DTG3 ROV Basics

The Deep Trekker DTG3 is a compact, battery operated ROV, with some highly innovative features and capabilities. As with any item of equipment, it’s important to read the manual and fully understand how to operate the machine. This blog post is intended to offer some basic tips for operating the DTG3 after becoming familiar with the controls.

One of the DTG3’s most interesting features is that it can alter the pitch (or angle) that it sits in the water. This is achieved by moving a counterweight inside the body of the DTG3. Altering the pitch allows the DTG3 to move through the water like an aeroplane flies in the sky, and allows for steep diving and surfacing (up to 85 degrees up or down), as well as gradual and controlled changes of depth. Altering the pitch also allows the optional grabber arm to be angled, for easier retrieval of objects.

Precise depth control can be completed using the auto-depth feature, which will hold the pitch of the DTG3 near vertical, and use the thrusters to keep at depth. One point to note is that if directional controls are input whilst using the auto-depth feature the DTG3 will pitch back to 45 degrees during the manoeuvring, then return to near vertical. If precise depth control, and manoeuvrability are required then consider adding the optional precision thruster to the DTG3.

The DTG3’s 4K video camera can either self-stabilise regardless of the pitch, can be locked to follow the pitch, and also separately tilted up or down. It is important to think ahead about how you will be using the camera in order to select the correct mode before completing a task. For example, if you are diving without knowing the way ahead is clear you may choose to lock the camera tilt so that it is always looking where the DTG3 is travelling.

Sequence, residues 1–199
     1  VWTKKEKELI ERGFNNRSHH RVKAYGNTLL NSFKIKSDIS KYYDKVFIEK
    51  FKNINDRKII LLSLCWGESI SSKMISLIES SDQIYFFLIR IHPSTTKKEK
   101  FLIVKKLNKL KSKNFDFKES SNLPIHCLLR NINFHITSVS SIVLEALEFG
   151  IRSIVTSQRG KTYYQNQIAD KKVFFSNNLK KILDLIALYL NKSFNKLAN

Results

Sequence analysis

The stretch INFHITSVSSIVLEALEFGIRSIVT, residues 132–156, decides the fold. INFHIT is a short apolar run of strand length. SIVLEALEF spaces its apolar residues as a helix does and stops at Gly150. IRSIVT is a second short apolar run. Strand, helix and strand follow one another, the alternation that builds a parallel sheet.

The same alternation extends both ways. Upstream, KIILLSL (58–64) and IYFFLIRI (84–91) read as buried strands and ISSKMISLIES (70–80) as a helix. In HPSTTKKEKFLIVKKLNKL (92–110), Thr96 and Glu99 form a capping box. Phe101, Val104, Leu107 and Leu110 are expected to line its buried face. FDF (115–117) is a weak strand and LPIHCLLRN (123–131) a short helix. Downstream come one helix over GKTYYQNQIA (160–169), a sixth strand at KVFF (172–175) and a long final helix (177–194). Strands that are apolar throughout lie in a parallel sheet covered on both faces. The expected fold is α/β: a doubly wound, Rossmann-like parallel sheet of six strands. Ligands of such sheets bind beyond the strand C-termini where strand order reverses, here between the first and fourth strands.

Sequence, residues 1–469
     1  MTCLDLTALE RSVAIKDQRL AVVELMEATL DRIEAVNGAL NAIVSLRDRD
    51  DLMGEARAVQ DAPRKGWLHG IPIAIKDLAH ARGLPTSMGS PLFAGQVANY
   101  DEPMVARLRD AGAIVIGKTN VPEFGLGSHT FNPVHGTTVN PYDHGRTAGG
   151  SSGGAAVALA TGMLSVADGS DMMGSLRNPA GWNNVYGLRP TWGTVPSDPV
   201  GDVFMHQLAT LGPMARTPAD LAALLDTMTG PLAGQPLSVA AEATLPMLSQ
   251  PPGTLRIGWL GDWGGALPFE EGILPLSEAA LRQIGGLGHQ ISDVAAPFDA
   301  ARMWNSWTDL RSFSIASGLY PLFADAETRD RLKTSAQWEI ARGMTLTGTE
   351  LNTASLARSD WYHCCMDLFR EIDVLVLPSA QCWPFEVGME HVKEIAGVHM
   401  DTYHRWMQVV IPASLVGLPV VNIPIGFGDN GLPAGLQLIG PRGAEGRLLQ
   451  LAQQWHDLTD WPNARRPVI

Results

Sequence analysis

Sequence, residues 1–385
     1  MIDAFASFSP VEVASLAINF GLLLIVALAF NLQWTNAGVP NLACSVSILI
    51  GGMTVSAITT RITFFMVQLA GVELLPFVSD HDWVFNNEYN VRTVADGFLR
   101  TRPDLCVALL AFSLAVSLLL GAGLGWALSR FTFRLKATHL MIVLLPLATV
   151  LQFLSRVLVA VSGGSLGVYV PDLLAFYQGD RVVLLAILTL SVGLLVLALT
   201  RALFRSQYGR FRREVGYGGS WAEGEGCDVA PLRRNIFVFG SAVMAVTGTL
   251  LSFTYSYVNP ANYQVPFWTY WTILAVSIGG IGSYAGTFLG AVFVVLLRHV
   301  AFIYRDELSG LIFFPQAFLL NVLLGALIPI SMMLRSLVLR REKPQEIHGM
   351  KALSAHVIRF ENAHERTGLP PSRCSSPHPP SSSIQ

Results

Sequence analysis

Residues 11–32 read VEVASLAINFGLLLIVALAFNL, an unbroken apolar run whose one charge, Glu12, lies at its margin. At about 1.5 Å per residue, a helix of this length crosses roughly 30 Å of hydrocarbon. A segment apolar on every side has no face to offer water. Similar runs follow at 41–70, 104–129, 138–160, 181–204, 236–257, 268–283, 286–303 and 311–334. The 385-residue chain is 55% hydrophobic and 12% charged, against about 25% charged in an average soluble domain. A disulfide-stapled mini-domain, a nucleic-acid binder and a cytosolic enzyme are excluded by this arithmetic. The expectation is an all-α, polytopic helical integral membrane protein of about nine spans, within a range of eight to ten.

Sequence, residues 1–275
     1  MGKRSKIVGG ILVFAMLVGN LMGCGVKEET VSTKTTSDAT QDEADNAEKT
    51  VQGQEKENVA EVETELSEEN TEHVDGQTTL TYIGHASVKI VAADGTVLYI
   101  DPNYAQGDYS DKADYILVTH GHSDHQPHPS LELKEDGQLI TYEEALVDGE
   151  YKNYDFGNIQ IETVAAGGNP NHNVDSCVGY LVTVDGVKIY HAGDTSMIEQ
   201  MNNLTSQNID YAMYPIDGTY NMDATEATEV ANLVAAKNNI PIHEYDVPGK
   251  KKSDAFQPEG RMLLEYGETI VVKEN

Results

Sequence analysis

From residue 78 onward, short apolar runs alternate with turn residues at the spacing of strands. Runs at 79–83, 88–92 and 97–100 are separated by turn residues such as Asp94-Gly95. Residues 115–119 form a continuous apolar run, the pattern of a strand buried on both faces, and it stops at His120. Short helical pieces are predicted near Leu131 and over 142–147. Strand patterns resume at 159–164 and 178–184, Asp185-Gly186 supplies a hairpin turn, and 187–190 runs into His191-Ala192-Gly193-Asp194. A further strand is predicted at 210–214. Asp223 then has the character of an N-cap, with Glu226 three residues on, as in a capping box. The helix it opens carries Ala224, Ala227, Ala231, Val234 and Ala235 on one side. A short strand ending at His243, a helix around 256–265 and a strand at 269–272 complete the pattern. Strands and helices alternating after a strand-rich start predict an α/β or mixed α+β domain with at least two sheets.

Navigation can be challenging, particularly over large distances, or in poor visibility situations. Look for points of reference before completing a dive, or ideally review any details available of the area that the DTG3 will be operated in. If your DTG3 has a Sensor Pod you will have the benefit of heading and depth information that will significantly aid navigation. The heading is based on a magnetic compass bearing, so make sure you can reference North before starting your dive. If visibility is poor, turn down the speed gain and take it slowly.

Another innovative feature is the DTG3’s lightweight tether, which can be supplied in lengths of up to 800m. The tether is strengthened, with a minimum breaking strength of 90kg, and can be used to deploy and retrieve the DTG3. One word of caution would be that the tether may become wrapped around, or caught on submerged objects, such as rocks or trees. One indicator that the tether is caught is that the DTG3 fails to make progress in the water, or will not steer as expected. If this is the case resist the temptation to pull on the tether to free it, you may be making the situation worse! The best solution is to use the DTG3 camera to follow the tether back to the hang-up point, and attempt to release the tether by taking the same route back past the snag.

It’s easy to get up and running with the DTG3 due to its intuitive control system, and agile handling. If you want to know more about piloting the DTG3 please get in contact.



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